Just how good are TV Tuners

Discussion in 'NZ Computing' started by Me, Apr 14, 2005.

  1. Me

    Me Guest

    Me, Apr 14, 2005
    #1
    1. Advertising

  2. Me

    shannon Guest

    Me wrote:
    > Hi
    > I was looking at the range of tuners at PP...
    > http://www.pp.co.nz/TVFMTuners.php
    > Just as the guys where saying about the cheap DVD burner...
    > Is there any reason I should shell out for a more expensive TV tuner
    > card then the < $80 models?
    > eg http://www.pp.co.nz/ProductsA.php?pp_id=TV00029
    >
    > seem to do everything the more expensive cards do...
    > cheers
    > John
    >


    It depends whether you want to just watch TV or record TV
    Getting something like the pvr 150 is good idea if you want to record in
    the background.
     
    shannon, Apr 14, 2005
    #2
    1. Advertising

  3. Me

    Daver Guest

    At some point in the price range the encoders become hardware based as
    opposed to software which is probably desirable for recording. I had a cheap
    one which supported stereo but the decoder must have been software based so
    it wasn't that good.


    "Me" <> wrote in message
    news:...
    > Hi
    > I was looking at the range of tuners at PP...
    > http://www.pp.co.nz/TVFMTuners.php
    > Just as the guys where saying about the cheap DVD burner...
    > Is there any reason I should shell out for a more expensive TV tuner
    > card then the < $80 models?
    > eg http://www.pp.co.nz/ProductsA.php?pp_id=TV00029
    >
    > seem to do everything the more expensive cards do...
    > cheers
    > John
    >
     
    Daver, Apr 14, 2005
    #3
  4. Me

    notme Guest

    On Thu, 14 Apr 2005 11:02:16 +1200, Me <> wrote:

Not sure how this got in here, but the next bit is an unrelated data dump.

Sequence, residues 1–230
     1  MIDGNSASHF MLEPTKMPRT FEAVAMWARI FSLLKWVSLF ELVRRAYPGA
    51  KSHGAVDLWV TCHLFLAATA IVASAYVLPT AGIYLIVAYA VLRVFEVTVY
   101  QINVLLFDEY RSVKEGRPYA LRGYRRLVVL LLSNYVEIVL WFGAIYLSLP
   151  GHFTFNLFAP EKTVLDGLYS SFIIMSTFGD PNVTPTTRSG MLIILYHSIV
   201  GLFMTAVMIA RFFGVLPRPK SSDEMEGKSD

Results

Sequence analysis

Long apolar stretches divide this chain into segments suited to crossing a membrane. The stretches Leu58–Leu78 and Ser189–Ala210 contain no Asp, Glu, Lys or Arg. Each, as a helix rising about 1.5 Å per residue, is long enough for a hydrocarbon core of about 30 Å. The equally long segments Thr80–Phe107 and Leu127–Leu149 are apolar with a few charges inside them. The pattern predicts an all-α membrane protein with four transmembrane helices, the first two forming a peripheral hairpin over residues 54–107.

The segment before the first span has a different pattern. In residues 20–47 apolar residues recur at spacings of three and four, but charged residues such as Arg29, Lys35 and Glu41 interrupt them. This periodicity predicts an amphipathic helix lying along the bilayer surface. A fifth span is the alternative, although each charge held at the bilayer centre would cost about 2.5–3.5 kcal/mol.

>Hi
    >I was looking at the range of tuners at PP...
    >http://www.pp.co.nz/TVFMTuners.php
    >Just as the guys where saying about the cheap DVD burner...
    >Is there any reason I should shell out for a more expensive TV tuner
    >card then the < $80 models?
    >eg http://www.pp.co.nz/ProductsA.php?pp_id=TV00029
    >
    >seem to do everything the more expensive cards do...
    >cheers
    >John


    I bought one about 18 months ago for $120 thinking it would be really
    useful but I've not used it as much as I thought I would because
    having it on your screen while you work on something else (surfing the
    net, typing, etc) can be quite distracting. It's great though when you
    want to keep an eye out for when a programme is about to begin, or you
    want to catch the news. It's good to be able to re-size the image
    right down and tuck it away in a corner, and that minimises the
    distraction.

    However, we all live in different circumstances (at home there is just
    me and my wife, which is different from, say, a flatting situation
    where you want to stay quietly in your room and maybe do some
    computing whilst also watching TV on the one monitor).

    My tuner has time-setting recorder and picture capture but I've never
    used them as I have a VCR anyway and recording to your hard drive can
    gobble up your free space. Teletext is nice if you don't already have
    a TV set with it. Dearer tuners will come with an FM radio tuner and
    remote. The accompanying software is usually OK, but quite basic.
    Check out ChrisTV for someting a bit more sophisticated.

    It's important to consider your antenna requirements - you will need
    an outside aerial for the card, you could install a splitter on your
    existing antenna and run a branch line to your tuner. Give some
    thought to how the antenna cable is going to reach your PC without
    becoming a hazard in the house.

    If you hook into the existing antenna that serves the rest of the TV's
    in the house you might also find that your PC radiates RFI back down
    the feedline causing interference to the conventional TV's in the
    house. Teletext can be very unforgiving if you don't have a decent
    signal coming in.

    A TV tuner card, along with the free hVCPlus software available on the
    internet, is great for decoding the encrypted Sky UHF service but if
    you want to be able to do this you have to be sure to only buy a card
    with a BT8xx chipset - if you buy the wrong card you will be up
    shit-creek with respect to decoding Sky TV.

    There are many international discussion boards on the web devoted to
    every Tuner card on the market and my final advice would be to do a
    search on the web with the name of the card you are interested in
    buying, adding in the search terms "board, discussion".

    Come back here if you get lost. Don't e-mail me as it's a fake
    address.